Volatility in 2018 was more than double that of 2017, though did not approach the peak volatility seen during the financial crisis of 2008-2009 and post the Dot Com bubble/credit crisis in 2001-2002. The pattern seems to be that periods of unusual stability are often followed by a spike in volatility. We know that the past isn’t always reflective of the future, but as Mark Twain is reported to have said: “History doesn’t repeat itself, but it often rhymes.”

Just as periods of stability are often followed by turbulence, extreme market moves are commonly followed by reversion toward the mean (average).

This tendency is illustrated by the two charts below. The first chart shows the drop in the SPY and EFA ETFs in the period between July-November 2011. Notice the jagged ups and downs just after the drop, followed by a fairly steady up-trend through 2013, though not without some negative surprises along the way.

We see a similar pattern in the 4th quarter of 2015 before the start of the bull market of 2016-2017.

And while the downturns are painful, they tend to be relatively brief compared to the recovery period.

 

  • Dot Com bust lasted from early 2000 to early 2003, followed by 5 years of positive returns
  • Financial crisis crash lasted from late 2007 to early 2009, followed by 9 years of mostly positive returns
  • Less dramatic declines in 2011 and 2015 were followed by 3 years of positive returns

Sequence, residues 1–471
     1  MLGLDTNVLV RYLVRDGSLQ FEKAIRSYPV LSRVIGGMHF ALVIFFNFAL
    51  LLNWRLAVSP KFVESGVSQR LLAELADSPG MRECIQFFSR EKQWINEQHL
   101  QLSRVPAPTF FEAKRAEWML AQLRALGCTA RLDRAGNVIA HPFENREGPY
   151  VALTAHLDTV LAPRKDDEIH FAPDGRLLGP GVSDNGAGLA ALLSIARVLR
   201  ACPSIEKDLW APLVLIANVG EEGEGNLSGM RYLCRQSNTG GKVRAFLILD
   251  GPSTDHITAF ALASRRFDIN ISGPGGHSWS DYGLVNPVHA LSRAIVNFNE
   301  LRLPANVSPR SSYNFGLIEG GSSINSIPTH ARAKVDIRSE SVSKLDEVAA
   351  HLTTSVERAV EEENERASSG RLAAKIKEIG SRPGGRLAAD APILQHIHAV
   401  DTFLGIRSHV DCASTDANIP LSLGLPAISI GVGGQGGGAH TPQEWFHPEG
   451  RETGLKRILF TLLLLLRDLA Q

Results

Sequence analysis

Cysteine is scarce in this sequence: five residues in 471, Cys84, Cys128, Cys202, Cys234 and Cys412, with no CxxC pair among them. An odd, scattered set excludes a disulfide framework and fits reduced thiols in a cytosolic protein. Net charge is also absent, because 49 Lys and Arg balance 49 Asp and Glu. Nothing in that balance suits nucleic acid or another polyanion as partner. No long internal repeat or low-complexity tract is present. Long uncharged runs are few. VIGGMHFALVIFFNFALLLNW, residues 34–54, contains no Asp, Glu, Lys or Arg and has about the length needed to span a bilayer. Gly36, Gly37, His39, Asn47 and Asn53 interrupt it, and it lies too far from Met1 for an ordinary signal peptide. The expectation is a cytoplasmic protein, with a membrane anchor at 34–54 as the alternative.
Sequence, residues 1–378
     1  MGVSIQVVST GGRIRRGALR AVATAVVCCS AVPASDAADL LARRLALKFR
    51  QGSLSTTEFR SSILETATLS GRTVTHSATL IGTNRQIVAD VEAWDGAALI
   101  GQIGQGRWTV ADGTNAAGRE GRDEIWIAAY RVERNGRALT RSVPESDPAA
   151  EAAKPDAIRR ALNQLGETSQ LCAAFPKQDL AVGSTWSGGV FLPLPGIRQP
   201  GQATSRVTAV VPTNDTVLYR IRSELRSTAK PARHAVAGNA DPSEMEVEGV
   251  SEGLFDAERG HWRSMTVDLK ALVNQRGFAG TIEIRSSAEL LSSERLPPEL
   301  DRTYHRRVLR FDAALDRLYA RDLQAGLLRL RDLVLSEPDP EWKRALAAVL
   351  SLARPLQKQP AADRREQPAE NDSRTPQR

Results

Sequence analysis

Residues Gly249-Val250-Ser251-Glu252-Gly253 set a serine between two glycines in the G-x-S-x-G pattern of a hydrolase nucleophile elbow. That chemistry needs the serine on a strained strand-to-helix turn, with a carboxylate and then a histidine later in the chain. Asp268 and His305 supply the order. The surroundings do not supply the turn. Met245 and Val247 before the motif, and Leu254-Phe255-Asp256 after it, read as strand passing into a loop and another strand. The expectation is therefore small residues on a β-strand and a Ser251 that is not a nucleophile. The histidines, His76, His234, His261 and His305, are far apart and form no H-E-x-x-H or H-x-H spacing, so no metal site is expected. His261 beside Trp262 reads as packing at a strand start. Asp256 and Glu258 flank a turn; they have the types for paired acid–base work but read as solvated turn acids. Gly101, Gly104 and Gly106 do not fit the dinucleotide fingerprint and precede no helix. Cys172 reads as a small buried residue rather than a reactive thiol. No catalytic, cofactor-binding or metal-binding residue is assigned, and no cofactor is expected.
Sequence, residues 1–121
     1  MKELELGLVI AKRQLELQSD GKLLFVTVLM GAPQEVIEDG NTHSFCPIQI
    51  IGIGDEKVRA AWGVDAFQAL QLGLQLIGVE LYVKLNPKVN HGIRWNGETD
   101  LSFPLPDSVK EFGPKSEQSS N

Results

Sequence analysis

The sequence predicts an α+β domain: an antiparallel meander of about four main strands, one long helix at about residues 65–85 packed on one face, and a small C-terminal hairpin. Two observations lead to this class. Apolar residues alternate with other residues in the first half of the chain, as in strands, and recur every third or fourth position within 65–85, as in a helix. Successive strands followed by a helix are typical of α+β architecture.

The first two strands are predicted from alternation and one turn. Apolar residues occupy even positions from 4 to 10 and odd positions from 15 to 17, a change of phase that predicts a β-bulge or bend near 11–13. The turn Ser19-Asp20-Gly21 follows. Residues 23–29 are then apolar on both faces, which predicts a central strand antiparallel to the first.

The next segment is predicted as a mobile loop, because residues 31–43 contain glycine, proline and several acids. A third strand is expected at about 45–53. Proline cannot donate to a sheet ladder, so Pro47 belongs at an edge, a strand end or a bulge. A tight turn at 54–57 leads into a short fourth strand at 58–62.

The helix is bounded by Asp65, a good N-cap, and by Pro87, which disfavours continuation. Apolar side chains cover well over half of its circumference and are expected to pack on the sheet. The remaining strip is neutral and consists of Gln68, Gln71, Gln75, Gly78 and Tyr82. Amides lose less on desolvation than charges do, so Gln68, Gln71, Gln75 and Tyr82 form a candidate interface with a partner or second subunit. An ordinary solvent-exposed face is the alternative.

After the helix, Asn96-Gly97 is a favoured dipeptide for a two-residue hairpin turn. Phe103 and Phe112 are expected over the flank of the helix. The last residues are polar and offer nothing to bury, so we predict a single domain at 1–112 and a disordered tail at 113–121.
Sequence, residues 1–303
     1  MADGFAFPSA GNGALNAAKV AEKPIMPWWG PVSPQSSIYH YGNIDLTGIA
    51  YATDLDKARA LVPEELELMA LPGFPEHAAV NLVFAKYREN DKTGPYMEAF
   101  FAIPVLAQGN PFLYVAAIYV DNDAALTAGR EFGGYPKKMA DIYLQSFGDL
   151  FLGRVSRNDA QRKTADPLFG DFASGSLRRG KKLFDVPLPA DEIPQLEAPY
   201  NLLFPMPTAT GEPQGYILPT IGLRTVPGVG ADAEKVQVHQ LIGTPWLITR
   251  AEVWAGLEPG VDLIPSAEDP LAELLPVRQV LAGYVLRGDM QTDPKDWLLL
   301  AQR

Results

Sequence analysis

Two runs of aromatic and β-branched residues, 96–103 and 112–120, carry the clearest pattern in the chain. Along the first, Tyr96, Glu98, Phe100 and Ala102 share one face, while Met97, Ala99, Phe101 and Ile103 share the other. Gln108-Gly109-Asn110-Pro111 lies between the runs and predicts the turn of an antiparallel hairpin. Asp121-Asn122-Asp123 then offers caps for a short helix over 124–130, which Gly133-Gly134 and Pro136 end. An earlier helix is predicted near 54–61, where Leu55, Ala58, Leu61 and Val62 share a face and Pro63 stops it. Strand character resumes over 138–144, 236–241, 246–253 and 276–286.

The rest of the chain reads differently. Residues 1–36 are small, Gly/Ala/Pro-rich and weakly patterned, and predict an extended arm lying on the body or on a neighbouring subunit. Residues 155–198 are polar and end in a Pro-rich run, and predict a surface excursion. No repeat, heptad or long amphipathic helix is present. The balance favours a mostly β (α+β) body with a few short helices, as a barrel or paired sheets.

Asset class returns tend to follow a ‘sector rotation’ pattern with prior period winners commonly falling in the rankings in subsequent periods, and prior period losers tending to rise in the rankings.

Source: Morningstar Direct

Though historical context is helpful, we need to face forward when making investment decisions. Following the crowd and expecting history to repeat itself without considering the underlying drivers of returns isn’t likely to be a successful strategy in the coming year.

Though market conditions vary from year to year, the investment team at Warren Street Wealth Advisors believes international stocks in particular have been hit by political and economic ‘headline risk’ more than actual financial distress. Many European companies such as BNP Paribas (one of the largest banks in Europe), Daimler (maker of Mercedes Benz), and Lloyds Banking Group (a leading U.K. financial service firm) are poised for a strong rebound in 2019. In emerging countries, stalwart firms such as Samsung and Taiwan Semiconductor remain solid global players, with disruptors such as Alibaba and Tencent making their presence felt beyond their home base in AsiaPacific.